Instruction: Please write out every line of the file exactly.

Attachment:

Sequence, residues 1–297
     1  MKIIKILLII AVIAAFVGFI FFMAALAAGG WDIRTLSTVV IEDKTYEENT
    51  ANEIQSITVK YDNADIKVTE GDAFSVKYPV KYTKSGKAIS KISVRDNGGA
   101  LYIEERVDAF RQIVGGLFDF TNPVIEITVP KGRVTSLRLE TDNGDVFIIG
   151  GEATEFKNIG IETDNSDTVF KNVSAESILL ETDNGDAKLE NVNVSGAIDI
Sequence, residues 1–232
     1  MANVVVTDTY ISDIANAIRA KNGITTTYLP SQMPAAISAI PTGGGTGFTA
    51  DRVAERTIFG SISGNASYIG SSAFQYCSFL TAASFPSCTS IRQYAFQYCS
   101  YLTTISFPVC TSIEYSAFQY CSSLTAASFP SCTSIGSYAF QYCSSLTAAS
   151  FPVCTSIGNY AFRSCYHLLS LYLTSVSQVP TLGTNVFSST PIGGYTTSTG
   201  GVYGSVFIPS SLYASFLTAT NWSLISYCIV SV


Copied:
Sequence, residues 1–297
     1  MKIIKILLII AVIAAFVGFI FFMAALAAGG WDIRTLSTVV IEDKTYEENT
    51  ANEIQSITVK YDNADIKVTE GDAFSVKYPV KYTKSGKAIS KISVRDNGGA
   101  LYIEERVDAF RQIVGGLFDF TNPVIEITVP KGRVTSLRLE TDNGDVFIIG
   151  GEATEFKNIG IETDNSDTVF KNVSAESILL ETDNGDAKLE NVNVSGAIDI
Sequence, residues 1–232
     1  MANVVVTDTY ISDIANAIRA KNGITTTYLP SQMPAAISAI PTGGGTGFTA
    51  DRVAERTIFG SISGNASYIG SSAFQYCSFL TAASFPSCTS IRQYAFQYCS
   101  YLTTISFPVC TSIEYSAFQY CSSLTAASFP SCTSIGSYAF QYCSSLTAAS
   151  FPVCTSIGNY AFRSCYHLLS LYLTSVSQVP TLGTNVFSST PIGGYTTSTG
   201  GVYGSVFIPS SLYASFLTAT NWSLISYCIV SV